The witch-hunt of Qaddafi opponents began on 2 October 2005 with the arrest and detention of five Libyan dissidents, who had been granted asylum by the UK, on the grounds that they were a threat to national security.
The recent British elections resulted in the defeat of the Labour Party government after 13 years in power and the emergence of a new Conservative-Liberal Democrats coalition, the first of its kind in over 30 years...
Britain goes to the polls on May 6, to elect the government that is expected to run the country for the next five years. Unlike most elections in recent years, the contest is genuinely too close for the results to be predicted...
To be a European Muslim by Tariq Ramadan. Pub: The Islamic Foundation, Leicester, UK, 1999. Pp: 272. Pbk: £5.95.
The NPT was opened for signatures in 1968. Initially, the US, Soviet Union, Britain and 59 other countries signed the treaty...
The officers involved here stand accused of holding the heads of victims inside a toilet and repeatedly flushing it, as part of their interrogation.
“You’re going to remember this day for the rest of your life” — these words were uttered by anti-terror police officers to intimidate and terrify British Muslim Babar Ahmad during the brutal assault inflicted upon him in a pre-dawn raid on his home on December 2, 2003. They were right; Ahmad never forgot that day and spent the last five years struggling to ensure that it would live in the memories of the British public forever.
On November 12, the Palestinian Relief and Development Fund, Interpal received notification from their bank, the Islamic Bank of Britain (IBB), that Lloyds TSB (their clearing bank) had served notice on IBB to cease all dealings with Interpal. Clearing banks are responsible for processing all financial transactions.
On September 8, a jury at Woolwich Crown Court found three Muslim men, Abdulla Ahmed Ali, Assad Sarwar and Tanvir Hussain, guilty of conspiracy to murder using home-made bombs. Four of their co-defendants, Arafat Khan, Waheed Zaman, Ibrahim Savant and Umar Islam, had earlier pleaded guilty to charges of conspiracy to commit a public nuisance.
In recent months, politics in the UK has been dominated by debate over how long the authorities should be allowed to hold suspected terrorist before they are charged or released. Fahad Ansari points out that in fact many Muslims are already held for years in British jails without trial.
Deciding who and who not to talk to has always been a strategy used by those in power against those they seek to control. FAHAD ANSARI discusses the attempts of the British government to find or establish an acceptable leadership for the British Muslim community.
That the world is a nasty place is not in doubt; what is seldom admitted is the depth of the plight of the oppressed, especially Muslims, and the level of hypocrisy that passes for the rule of law and international order. The militarily powerful oppress and terrorize the weak under the guise of fighting “terrorism”, while the rich exploit the poor in the name of progress.
When it hit the airwaves in 1996, Al-Jazeera took the Arab world by storm. Compared to the sterile reporting of government-controlled channels in the Arab world, Al-Jazeera came as a breath of fresh air, although the better informed knew this was a mirage. Al-Jazeera was slick and took on some subjects (though not all) that the rest of the Arab media dared not broach.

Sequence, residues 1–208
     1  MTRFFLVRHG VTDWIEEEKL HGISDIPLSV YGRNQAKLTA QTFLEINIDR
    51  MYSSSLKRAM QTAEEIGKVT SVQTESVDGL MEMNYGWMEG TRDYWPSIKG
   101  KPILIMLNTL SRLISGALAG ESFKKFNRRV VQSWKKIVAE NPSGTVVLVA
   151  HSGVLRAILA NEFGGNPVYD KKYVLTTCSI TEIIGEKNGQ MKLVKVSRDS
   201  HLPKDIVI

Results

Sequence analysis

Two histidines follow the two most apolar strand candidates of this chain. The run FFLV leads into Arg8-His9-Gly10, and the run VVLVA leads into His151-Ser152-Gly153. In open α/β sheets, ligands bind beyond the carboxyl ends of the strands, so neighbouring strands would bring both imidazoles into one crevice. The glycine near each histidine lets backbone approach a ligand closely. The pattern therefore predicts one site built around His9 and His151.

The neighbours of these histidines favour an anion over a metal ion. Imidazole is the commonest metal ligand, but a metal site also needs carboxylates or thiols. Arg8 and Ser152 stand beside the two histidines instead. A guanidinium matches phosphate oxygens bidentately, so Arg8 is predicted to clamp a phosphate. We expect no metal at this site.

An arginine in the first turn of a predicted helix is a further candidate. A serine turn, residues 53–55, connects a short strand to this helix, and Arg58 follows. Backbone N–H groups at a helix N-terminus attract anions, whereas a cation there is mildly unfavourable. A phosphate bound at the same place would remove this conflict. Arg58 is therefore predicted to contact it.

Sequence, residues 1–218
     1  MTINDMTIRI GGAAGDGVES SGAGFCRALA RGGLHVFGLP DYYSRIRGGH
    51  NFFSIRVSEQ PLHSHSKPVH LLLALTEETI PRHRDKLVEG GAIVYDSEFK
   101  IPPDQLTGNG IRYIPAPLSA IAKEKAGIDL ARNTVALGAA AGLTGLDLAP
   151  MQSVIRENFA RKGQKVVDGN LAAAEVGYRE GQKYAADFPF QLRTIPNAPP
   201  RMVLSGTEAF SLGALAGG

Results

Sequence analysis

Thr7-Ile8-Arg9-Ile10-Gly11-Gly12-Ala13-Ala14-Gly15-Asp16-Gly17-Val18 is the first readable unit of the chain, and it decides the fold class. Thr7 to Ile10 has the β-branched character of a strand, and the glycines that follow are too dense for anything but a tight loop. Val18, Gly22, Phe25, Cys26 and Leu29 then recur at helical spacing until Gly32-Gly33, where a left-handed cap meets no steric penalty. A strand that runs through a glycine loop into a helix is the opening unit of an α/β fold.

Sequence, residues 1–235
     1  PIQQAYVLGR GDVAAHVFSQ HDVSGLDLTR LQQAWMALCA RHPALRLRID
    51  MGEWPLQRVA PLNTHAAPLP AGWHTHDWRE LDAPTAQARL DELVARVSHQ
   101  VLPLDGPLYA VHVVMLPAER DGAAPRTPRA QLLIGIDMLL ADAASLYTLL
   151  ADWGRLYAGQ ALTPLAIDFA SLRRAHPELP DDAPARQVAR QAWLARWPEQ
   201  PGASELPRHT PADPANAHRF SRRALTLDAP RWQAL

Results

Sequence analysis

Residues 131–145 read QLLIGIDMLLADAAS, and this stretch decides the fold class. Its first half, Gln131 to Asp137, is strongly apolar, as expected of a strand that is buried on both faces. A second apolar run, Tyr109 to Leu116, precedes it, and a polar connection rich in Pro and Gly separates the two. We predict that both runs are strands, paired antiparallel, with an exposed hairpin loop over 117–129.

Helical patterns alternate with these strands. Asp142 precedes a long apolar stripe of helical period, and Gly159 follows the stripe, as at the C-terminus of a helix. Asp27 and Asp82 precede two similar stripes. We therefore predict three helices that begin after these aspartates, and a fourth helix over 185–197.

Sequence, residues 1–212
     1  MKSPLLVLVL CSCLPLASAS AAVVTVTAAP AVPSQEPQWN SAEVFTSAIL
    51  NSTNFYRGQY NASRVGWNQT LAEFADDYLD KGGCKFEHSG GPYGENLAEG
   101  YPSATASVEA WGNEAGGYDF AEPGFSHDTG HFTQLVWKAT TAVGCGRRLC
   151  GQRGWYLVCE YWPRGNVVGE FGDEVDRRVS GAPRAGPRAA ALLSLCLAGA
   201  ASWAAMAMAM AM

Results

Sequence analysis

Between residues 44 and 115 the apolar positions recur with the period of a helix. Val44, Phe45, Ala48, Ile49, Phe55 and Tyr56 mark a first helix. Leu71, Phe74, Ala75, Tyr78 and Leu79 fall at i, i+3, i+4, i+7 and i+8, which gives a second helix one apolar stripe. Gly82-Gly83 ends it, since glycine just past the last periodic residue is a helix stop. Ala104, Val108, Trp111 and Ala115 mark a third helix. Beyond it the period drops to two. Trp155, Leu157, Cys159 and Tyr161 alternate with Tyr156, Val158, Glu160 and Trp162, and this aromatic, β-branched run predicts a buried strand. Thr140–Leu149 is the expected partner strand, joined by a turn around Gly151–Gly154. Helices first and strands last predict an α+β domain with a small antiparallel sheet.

Despite its traditional reputation for tolerance and multiculturalism, the British government, like all colonial powers, has a long history of trying to impose meanings and leaders on Islam and Muslims. FAHAD ANSARI discusses the latest strategy being promoted in Britain, as a time when Muslims are under increasing pressure.
Ramadan 1427 provided enough evidence of the truth in Allah’s words for any Muslim to solidify his or her faith. Almost daily for about three weeks, minister after minister, newspaper after newspaper, commentator after commentator voiced opinions about the “Muslim problem” and how to solve it.
This month, the Islamic Human Rights Commission will publish a detailed critique of the British government’s proposed anti-terrorism legislation, written by FAHAD ANSARI. Here we publish an extract focussing on the targeting of “extemism”.
On August 24 the British government announced details of new measures to be taken against foreign Muslims living in Britain. Foreign Muslims will be deported from Britain, or not permitted to enter the country in the first place, if they are considered by the government to be “fostering hatred or fomenting, or glorifying terrorist violence”.
As soon as it became clear that the chaos on London’s public transport on the morning of July 7 was the result of something rather more than the usual maintenance problems, Muslims inBritain knew that they would come under immense pressure if it was confirmed that Muslims were responsible, as most observers immediately suspected.
The timing could hardly have been better: within days of Tony Blair’s confirming that Britain’s general elections will be held on May 5, an illegal immigrant from Algeria was convicted at the high court of what government officials, police and the media described as an international conspiracy, planned by al-Qai’da, to manufacture ricin poison and use it for a mass terrorist attack in London.
Three British Muslimahs made headlines last month when they were arrested by the Israeli authorities in Jerusalem and accused of involvement in terrorism, before being cleared...